Ahmadinejad Speech at Columbia:

Mahmoud Ahmadinejad is a bad and dangerous man, but it seems that Columbia was quite right to have him speak there as part of its World Leaders Forum. Columbia students can benefit from hearing bad world leaders as well as good ones; I'm pretty confident that most of the students in the audience will be able to tell one from the other — and if they're not, then the event offers a great opportunity for them to do so.

If the event were some special honor for the person — as endowed lectures, "visiting public interest mentor" positions, graduation speeches, and the like often are — I would take a different view: A university should not honor the dishonorable. But my sense is that the World Leaders Forum does not carry the university's endorsement of the speaker's moral character, only of his significance on the world stage (which Ahmadinejad regrettably has plenty of).

Incidentally, the blog reports about Ahmadinejad's talk — which I read after I decided to post this — reinforce my view on the subject. It looks like Columbia President Bollinger has forcefully expressed his disagreement with Ahmadinejad, thus reminding people that the invitation didn't constitute endorsement of Ahmadinejad's beliefs.

This may be one of the I realize my friend and coblogger David Bernstein might disagree with me on this, but experienced Volokh Conspiracy readers know that such amicable inter-blogger disagreements happen on occasion.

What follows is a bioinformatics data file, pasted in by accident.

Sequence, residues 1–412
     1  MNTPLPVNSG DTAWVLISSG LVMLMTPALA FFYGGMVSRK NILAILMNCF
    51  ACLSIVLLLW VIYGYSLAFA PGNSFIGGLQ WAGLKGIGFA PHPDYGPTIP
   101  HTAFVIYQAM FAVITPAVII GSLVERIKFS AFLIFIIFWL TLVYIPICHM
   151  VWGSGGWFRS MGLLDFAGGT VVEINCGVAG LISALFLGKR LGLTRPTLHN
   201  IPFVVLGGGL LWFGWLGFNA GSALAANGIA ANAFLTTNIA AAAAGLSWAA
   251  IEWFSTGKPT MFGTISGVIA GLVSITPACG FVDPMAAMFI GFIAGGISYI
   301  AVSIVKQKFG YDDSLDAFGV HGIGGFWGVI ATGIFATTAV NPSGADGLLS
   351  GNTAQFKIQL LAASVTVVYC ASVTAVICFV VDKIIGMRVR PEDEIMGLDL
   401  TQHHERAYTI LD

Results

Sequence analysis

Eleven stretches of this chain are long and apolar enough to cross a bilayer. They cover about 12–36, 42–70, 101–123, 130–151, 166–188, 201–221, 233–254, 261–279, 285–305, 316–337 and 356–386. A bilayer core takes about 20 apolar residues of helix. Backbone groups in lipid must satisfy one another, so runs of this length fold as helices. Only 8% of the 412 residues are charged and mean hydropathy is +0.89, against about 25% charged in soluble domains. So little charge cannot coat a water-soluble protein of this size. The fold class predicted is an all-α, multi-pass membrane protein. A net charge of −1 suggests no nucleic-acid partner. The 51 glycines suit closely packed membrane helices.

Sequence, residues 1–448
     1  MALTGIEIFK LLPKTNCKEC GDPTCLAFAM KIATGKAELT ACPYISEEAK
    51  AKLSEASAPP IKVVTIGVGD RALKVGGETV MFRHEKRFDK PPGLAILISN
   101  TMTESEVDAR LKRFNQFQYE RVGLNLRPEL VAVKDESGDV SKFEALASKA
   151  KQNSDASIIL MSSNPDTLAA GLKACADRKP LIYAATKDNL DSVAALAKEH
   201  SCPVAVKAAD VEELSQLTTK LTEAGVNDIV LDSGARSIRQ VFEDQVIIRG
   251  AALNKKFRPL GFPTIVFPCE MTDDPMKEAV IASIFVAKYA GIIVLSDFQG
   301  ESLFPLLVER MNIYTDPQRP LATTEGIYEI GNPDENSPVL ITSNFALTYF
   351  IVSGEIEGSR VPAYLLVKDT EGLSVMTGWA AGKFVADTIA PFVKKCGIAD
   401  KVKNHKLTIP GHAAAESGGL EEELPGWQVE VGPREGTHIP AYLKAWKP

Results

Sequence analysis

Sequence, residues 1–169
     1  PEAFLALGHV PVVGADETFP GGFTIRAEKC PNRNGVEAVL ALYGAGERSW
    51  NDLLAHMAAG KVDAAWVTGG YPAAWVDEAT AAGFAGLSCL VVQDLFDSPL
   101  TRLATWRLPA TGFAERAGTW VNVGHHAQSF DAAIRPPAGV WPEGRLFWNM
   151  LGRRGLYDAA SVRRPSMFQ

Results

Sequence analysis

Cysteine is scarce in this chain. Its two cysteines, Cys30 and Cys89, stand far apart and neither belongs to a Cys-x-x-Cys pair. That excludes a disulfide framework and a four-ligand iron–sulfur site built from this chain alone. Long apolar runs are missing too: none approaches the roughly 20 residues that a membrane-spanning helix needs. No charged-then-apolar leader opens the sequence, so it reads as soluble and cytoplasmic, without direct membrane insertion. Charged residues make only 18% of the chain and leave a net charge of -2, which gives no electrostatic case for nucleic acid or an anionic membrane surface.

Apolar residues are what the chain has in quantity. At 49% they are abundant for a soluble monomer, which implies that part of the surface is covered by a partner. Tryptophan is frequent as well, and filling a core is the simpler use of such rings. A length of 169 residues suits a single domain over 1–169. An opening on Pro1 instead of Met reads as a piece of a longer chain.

UPDATE: Stop the ACLU faults a Columbia dean (John Coatsworth) for saying that they'd have invited Hitler, too. The dean said:

If Hitler were in the United States and he wanted a platform from which to speak he would have plenty of platforms to speak from in the United States. If he were willing to engage in a debate and a discussion, to be challenged by Columbia students and faculty, we would certainly invite him.

That seems to me to be an entirely correct attitude. Presumably the discussion here is of the pre-Dec. 1941 Hitler (I take it that he wouldn't have been in the U.S. after war between Germany and the U.S. had been declared). Americans were trying to figure out what to do about Nazi Germany. Hitler indeed would have had lots of opportunities to give propaganda speeches. But if Columbia had an opportunity to help its students see and hear Hitler in person, and hear how he dealt with probing and hostile questions -- such as the questions that Bollinger seems to have addressed to Ahmadinejad -- it seems to me that this would have been a valuable service to Columbia students, and perhaps to the American public more broadly.